Injured Ukraine civilians saved…from a world away


Pictured, from left: Dr David McAroe, Dr Philip Ward 

Two St Vincent’s Hospital Melbourne emergency physicians have played a leading role in the development of instructional videos that could save lives in the war in Ukraine.

Doctors Philip Ward and David McAroe scripted and helped produce a series of recently released vignettes that are guiding Ukrainians on how to immediately treat war injuries such as gunshot wounds, amputation, shrapnel or stabbing bleeds and severe burns.

The videos, narrated by high profile Ukrainian and British TV presenters Timur Miroshnychenko and Dan Snow, feature doctors and paramedics who demonstrate lifesaving first aid techniques using readily available materials, including belts and plastic bags.

Shared widely across social media platforms Instagram, Facebook, Twitter, YouTube and Telegram, the episodes are available in Ukrainian, Russian and English.

Dr McAroe, an Irish trauma specialist now based in Melbourne, has had a long association with – and passion for – critical civilian treatment.

"Since moving to Australia in 2014, it is very clear to me that Melbourne enjoys a world-class emergency care system and that St Vincent's is at the forward edge of this excellence. It was therefore a privilege for Phil and me to be asked to provide education on these critical care techniques to the victims of violence and war injuries in overseas communities, such as those in the Ukraine,” Dr McAroe said.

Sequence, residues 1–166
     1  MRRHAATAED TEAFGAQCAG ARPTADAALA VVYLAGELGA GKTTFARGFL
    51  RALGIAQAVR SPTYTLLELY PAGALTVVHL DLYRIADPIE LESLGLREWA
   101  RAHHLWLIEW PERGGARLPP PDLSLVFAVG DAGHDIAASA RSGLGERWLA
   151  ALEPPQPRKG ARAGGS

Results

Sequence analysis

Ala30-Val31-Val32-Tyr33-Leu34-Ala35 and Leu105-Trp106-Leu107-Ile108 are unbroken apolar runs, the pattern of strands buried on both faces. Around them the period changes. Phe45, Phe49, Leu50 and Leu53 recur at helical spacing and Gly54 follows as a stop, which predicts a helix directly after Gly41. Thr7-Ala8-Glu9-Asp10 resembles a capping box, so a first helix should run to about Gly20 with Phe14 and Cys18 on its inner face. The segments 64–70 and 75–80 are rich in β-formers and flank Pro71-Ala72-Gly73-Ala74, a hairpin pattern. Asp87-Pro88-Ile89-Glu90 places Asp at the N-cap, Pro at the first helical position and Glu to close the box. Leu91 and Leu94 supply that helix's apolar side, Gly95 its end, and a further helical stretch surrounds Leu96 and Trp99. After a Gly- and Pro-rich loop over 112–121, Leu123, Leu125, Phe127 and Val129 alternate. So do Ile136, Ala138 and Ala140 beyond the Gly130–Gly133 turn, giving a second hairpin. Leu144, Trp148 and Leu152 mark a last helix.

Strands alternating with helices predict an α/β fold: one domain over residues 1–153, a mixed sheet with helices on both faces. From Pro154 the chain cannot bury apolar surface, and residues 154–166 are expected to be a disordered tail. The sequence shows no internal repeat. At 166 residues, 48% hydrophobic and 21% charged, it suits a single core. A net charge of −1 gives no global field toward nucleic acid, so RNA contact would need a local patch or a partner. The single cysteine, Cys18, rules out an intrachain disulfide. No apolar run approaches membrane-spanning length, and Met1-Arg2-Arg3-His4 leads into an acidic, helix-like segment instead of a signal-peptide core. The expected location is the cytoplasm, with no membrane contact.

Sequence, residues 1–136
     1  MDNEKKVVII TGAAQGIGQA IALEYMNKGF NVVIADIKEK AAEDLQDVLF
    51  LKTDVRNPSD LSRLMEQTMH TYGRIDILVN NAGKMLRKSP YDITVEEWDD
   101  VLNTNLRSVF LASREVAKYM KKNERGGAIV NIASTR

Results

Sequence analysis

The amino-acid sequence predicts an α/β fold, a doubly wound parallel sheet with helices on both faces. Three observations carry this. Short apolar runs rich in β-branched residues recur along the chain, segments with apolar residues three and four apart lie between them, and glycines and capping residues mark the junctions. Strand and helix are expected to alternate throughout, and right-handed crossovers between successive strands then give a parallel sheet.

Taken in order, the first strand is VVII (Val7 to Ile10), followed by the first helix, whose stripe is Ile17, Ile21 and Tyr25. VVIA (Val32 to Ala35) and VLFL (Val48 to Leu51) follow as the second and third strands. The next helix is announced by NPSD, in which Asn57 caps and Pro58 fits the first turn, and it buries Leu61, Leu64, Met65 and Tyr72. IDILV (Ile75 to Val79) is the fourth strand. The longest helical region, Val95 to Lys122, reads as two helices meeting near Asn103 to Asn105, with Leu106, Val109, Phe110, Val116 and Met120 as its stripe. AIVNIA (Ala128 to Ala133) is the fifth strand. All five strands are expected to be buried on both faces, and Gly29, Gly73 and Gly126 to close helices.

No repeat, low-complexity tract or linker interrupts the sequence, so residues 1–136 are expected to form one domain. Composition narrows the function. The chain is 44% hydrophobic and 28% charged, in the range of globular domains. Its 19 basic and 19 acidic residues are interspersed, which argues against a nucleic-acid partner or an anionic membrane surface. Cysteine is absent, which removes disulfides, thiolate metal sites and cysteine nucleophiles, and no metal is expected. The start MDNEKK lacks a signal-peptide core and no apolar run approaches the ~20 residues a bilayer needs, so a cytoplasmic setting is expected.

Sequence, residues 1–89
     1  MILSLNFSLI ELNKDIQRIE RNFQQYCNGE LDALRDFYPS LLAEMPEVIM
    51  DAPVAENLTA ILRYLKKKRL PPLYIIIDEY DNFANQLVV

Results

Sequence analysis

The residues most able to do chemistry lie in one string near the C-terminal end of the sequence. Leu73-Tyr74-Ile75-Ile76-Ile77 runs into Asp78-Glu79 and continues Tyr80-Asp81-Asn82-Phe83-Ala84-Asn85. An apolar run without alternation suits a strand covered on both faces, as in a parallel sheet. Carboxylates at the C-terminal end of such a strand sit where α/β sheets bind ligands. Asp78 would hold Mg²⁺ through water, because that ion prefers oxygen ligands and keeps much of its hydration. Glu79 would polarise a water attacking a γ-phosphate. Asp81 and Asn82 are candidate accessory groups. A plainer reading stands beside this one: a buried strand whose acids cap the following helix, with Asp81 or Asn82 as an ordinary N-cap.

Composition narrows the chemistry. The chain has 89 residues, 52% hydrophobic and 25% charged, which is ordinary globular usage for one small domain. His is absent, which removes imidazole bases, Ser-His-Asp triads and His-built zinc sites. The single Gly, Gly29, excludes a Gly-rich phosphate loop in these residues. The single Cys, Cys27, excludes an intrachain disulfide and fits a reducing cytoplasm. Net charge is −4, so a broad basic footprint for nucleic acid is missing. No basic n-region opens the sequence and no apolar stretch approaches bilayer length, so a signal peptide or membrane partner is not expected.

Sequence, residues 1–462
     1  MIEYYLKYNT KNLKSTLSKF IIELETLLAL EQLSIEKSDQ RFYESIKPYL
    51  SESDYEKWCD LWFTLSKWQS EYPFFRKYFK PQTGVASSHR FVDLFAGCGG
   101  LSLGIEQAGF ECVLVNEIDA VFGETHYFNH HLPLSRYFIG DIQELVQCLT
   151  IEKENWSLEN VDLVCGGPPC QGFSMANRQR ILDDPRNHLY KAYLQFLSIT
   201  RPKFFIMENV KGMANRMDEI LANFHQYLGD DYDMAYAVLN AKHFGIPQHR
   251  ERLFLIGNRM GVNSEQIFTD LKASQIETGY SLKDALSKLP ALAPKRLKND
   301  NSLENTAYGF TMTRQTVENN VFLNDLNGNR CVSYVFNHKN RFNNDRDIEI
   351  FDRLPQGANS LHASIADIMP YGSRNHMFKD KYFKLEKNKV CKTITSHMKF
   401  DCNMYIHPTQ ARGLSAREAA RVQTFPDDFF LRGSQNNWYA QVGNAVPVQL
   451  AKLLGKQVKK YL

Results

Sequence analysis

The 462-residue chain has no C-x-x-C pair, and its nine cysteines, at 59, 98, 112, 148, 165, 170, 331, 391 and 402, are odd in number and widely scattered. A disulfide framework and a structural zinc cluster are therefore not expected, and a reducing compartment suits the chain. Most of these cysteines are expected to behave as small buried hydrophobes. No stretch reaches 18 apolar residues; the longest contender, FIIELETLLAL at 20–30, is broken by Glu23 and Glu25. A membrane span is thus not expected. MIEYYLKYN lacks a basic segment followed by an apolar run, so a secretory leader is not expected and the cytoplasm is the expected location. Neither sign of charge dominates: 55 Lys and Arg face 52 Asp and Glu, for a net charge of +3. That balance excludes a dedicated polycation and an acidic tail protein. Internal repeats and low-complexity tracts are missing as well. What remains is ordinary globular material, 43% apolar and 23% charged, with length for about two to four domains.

“The use of social media and digital technologies in this way is truly innovative, allowing our message to reach those in need at the most critical moments and has a global reach that will save lives."

Dr McAroe said people typically have little experience in the provision of first aid, and much less war wounds.

“A distinct lack of knowledge brings reluctance to help at an injury scene – human nature is to not want to do more harm, so people most often wait and don’t move in,” Dr McAroe said.

“Phil and I are pleased that our expertise and involvement with this initiative is changing that behaviour and enabling more people to become life-savers.”

A concept for regional and rural Australia

Dr Ward believes emergency first aid training could help Australians living in remote areas.

"The initiative is focused on conflict injuries abroad, however could be easily applied to injuries suffered here in Australia. This is particularly true in regional and rural areas where some may be large distances away from emergency medical care,” Dr Ward said. 

“For example, equipping Australians with the skills to manage the first few minutes of a farming or machinery accident can save lives."

Powerful coming together of medical minds and hearts

St Vincent’s Hospital Melbourne CEO Angela Nolan reflected on the brilliance of the collaborative initiative.

“Innovation and goodwill are a powerful combination and Dr Ward and Dr McAroe possess both in spades,” Ms Nolan said.

“Their work, in association with peer Dr Nicholas Rhead, and other organisations involved, such as Civilian Aid and Street Doctors, shows how much impact the medical community can have when it works together.”

Watch a recent news story on the emergency care videos here.